No new money for speed cameras

  • Government to axe speed camera funding
  • Road Safety charity Brake slams plans
  • British drivers say 'about time too'

The government has confirmed that will not set aside any additional funding for speed cameras on the UK's road network but said local authorities can still spend money on the safety kit if they want.

Parliamentary Under-Secretary of State for Transport, Mark Penning, told the House of Commons that there's no more cash for cameras. The announcement has prompted a mixed reaction, with safety charity Brake predicting more casualties on Britain's roads as a result.

Brake's chief executive Mary Williams OBE said: 'Road death is the biggest killer of young people in the UK and there is a vast amount of data showing that cameras reduce speeds and save lives.

'This announcement is like a trip back to the dark ages. If camera numbers go into decline or fail to go up where they are so desperately needed then that will inevitably mean faster speeds and more blood on the streets that could have so easily been prevented, as well as fearful communities who are not prepared to risk their lives by walking or cycling.'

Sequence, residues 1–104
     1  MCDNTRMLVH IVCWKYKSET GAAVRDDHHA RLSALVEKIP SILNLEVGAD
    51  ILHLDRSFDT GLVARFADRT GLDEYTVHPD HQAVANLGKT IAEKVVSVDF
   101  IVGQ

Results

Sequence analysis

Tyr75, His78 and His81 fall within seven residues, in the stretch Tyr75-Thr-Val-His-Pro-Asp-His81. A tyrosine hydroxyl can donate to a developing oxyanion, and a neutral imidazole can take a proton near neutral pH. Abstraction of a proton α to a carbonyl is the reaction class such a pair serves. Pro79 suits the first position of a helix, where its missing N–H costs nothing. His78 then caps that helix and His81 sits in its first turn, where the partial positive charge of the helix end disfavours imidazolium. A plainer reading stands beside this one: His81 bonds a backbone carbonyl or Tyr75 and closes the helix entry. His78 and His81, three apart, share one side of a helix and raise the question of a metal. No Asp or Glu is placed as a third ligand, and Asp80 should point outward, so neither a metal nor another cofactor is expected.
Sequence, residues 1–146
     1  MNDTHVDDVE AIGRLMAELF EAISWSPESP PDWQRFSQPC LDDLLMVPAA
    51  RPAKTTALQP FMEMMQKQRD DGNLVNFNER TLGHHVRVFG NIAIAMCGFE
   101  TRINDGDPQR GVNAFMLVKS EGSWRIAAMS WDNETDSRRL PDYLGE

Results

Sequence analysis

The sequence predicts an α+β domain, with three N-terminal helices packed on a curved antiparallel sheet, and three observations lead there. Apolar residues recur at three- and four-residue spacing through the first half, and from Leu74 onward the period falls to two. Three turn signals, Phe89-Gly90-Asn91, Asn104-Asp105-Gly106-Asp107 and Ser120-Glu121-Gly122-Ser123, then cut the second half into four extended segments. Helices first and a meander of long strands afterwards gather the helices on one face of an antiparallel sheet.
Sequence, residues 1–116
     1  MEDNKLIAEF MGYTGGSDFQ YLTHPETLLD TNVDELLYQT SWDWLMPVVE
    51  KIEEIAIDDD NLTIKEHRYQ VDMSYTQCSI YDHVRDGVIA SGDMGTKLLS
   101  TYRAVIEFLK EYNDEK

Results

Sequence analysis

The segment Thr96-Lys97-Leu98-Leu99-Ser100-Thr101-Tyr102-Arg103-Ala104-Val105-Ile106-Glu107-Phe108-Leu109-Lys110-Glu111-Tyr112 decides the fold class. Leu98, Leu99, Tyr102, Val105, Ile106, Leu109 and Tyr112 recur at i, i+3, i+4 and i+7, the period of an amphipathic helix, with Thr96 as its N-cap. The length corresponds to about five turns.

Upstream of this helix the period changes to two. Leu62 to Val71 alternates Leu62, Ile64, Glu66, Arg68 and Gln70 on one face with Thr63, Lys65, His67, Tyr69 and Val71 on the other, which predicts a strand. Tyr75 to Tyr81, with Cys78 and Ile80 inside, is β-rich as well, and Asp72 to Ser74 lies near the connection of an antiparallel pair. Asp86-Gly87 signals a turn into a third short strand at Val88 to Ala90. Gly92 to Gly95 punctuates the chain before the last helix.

The Association of British Drivers (ABD) welcomed the announcement, however.  

A spokesman from the ABD told Parker's: 'It's about time too. Speed cameras do not make roads safer, better policing does. What the British public need is more police on the roads to stop people driving like idiots. Cameras do not take conditions of the vehicle or the roads into account. Our roads would be much safer if there were more police to pull those over who are driving under the influence of drink and drugs.'